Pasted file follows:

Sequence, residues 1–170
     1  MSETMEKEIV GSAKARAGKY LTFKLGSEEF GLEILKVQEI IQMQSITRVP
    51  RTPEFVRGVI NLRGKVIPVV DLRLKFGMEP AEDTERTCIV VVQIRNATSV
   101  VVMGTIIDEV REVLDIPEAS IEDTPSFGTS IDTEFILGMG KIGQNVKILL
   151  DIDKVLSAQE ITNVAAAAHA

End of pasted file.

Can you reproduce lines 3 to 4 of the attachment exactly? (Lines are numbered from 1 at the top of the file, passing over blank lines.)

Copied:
    51  RTPEFVRGVI NLRGKVIPVV DLRLKFGMEP AEDTERTCIV VVQIRNATSV
   101  VVMGTIIDEV REVLDIPEAS IEDTPSFGTS IDTEFILGMG KIGQNVKILL